A Vast, Small World After All

We, the fortunate and overstimulated masses of the early 21st century can watch the whole world pass by on our computer and smartphone screens. The picture often isn’t pretty, and we would all do well to lift our heads up more often to see what’s happening right in front of us. In real life, as we’ve learned to say.

But sometimes, the digital connectivity comes at us from a new direction that can help us look closer, and think differently. Here is a expand=1] video, made solely by piecing together Google Maps satellite images, that takes you along the entire U.S.-Mexico border in six minutes. “Good luck with that wall, Mr. Trump,” is the immediate political message of this view from above. But as you watch the haunting journey through the desert, past small towns and snaking around the Rio Grande, you can imagine the invisible lives passing by below in the very moments the images were taken, and how vast and frightening the spaces of the real world can be for the most vulnerable among us.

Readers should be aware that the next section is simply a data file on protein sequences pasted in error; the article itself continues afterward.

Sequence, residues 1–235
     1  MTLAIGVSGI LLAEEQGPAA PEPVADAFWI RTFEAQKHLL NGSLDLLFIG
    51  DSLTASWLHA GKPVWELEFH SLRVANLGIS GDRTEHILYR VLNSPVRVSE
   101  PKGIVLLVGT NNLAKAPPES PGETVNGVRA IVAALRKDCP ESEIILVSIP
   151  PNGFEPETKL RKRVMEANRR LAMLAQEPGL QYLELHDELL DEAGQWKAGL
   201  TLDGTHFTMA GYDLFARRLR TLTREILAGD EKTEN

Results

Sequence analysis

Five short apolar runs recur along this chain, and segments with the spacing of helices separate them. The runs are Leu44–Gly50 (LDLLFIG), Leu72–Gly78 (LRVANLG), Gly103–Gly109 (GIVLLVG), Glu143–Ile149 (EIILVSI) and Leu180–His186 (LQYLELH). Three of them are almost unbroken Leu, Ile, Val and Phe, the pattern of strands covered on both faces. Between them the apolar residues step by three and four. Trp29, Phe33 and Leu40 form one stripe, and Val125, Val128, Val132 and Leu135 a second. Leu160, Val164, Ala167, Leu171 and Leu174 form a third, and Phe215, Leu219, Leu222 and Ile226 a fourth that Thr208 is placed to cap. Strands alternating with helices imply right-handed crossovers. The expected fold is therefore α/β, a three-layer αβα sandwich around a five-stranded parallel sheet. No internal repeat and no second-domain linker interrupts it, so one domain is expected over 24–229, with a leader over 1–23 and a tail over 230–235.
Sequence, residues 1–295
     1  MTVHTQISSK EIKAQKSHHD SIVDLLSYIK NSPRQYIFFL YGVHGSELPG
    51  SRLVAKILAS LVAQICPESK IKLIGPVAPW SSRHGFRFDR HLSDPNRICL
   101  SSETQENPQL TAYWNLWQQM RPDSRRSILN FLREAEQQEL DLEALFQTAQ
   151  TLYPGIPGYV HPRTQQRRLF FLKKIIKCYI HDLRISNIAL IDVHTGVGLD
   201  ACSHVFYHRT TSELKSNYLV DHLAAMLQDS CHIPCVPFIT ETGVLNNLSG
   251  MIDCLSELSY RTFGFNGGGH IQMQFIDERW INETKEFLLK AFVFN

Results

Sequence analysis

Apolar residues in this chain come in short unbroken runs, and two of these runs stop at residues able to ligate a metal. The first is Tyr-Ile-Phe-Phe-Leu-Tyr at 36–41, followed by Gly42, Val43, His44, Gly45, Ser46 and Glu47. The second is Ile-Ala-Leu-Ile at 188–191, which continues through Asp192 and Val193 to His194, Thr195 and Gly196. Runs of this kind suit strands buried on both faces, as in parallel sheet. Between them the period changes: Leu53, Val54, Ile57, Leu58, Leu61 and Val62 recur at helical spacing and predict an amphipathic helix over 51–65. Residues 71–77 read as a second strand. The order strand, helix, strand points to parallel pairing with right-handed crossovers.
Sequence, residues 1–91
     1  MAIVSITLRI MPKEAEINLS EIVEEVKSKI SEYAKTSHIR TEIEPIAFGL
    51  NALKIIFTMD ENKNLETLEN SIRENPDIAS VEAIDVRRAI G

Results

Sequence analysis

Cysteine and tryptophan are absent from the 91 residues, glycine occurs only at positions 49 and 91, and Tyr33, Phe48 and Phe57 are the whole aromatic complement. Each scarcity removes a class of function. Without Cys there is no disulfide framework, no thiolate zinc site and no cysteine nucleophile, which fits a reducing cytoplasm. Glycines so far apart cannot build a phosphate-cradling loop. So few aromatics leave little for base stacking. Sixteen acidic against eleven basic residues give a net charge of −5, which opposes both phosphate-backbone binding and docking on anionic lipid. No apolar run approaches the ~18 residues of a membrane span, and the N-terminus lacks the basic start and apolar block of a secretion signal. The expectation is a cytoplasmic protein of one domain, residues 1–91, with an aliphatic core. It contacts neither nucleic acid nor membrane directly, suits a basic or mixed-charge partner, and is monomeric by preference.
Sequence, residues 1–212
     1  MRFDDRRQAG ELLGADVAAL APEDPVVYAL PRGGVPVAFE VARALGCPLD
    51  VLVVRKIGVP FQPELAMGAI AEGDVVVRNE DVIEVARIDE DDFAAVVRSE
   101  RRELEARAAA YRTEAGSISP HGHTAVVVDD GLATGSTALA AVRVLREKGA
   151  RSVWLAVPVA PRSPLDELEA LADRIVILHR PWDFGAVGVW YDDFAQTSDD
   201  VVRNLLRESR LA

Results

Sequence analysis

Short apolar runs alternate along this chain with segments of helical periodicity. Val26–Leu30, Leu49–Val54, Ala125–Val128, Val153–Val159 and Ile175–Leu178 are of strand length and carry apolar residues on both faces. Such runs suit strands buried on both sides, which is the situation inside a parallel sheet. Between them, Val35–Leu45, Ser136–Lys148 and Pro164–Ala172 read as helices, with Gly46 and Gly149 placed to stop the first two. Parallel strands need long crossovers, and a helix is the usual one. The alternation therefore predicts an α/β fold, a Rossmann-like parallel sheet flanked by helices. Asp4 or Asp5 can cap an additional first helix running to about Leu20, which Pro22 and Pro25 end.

Meanwhile across the ocean, technology allows us to watch another migrant drama playing out â€" in real life, and real time. The dismantling of the so-called “Jungle” migrant encampment in the French seaside city of Calais was the immigration news story of the week. Unlike Trump’s silly wall talk, the situation in Calais shows the complexity of immigration for any government to confront. Where, for example, will each and every person forced from the Jungle (an estimated 6,400) wind up? That is where the real-time video streaming app Periscope comes in. Here is footage of the tent village that has popped up in the past 24 hours, as some of the migrants forced out of Calais have made their way to Paris. From where we sit in our Worldcrunch offices, that video was shot five metro stops away. Even when the world gets closer, we watch it from afar.

  • Protests intensify in Venezuela, general strike expected today.
  • Prince’s Paisley Park home opens today as museum.
  • Spanish Prime Minister Mariano Rajoy hopes to form new government Saturday.